Staff Publications

Staff Publications

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    'Staff publications' is the digital repository of Wageningen University & Research

    'Staff publications' contains references to publications authored by Wageningen University staff from 1976 onward.

    Publications authored by the staff of the Research Institutes are available from 1995 onwards.

    Full text documents are added when available. The database is updated daily and currently holds about 240,000 items, of which 72,000 in open access.

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Record number 568702
Title Acute porcine epidemic diarrhea virus infection reshapes the intestinal microbiota
Author(s) Yang, Shanshan; Li, Yang; Wang, Bin; Yang, Ning; Huang, Xin; Chen, Qingbo; Geng, Shuxian; Zhou, Yawei; Shi, Han; Wang, Leyi; Brugman, Sylvia; Savelkoul, Huub; Liu, Guangliang
Source Virology 548 (2020). - ISSN 0042-6822 - p. 200 - 212.
DOI https://doi.org/10.1016/j.virol.2020.07.001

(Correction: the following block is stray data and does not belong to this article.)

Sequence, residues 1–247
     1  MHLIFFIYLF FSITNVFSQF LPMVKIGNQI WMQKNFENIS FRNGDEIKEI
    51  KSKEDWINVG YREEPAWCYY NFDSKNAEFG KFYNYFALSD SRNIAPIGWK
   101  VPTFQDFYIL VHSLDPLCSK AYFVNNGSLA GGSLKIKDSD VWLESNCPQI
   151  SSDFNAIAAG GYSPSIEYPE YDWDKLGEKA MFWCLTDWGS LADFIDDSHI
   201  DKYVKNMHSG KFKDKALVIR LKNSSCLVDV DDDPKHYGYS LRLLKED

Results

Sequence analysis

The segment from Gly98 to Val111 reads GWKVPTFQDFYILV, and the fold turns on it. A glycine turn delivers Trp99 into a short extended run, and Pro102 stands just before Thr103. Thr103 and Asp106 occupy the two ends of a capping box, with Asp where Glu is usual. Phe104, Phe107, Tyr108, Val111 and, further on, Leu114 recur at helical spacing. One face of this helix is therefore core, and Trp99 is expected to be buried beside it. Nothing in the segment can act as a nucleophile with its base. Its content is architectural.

Department(s) Cell Biology and Immunology
WIAS
Publication type Refereed Article in a scientific journal
Publication year 2020
Keyword(s) Intestinal microbiota - Pathogenicity - Porcine epidemic diarrhea virus
Abstract

The intestinal microbiota is crucial to intestinal homeostasis. Porcine epidemic diarrhea virus (PEDV) is high pathogenic to intestines, causing diarrhea, even death in piglets. To investigate the detailed relationship between PEDV infection and intestinal microbiota, the composition and distribution of intestinal microbiota from pigs were first analyzed using 16S rRNA sequencing technology. The results demonstrated that the composition and distribution of microbes in different intestinal segments were quite similar between 1-week-old and 2-week-old piglets but different from 4-week-old (weaned) piglets. Then piglets at different ages were inoculated with PEDV. The results showed that the 1-week-old piglets exhibited the most severe pathogenicity comparing to the other age groups. Further investigations indicated that Lactobacillus, Escherichia coli, and Lactococcus in the intestinal microbiota of piglets were significantly changed by PEDV infection. These results strengthen our understanding of viruses influencing intestinal microbes and remind us of the potential association between PEDV and intestinal microbes.

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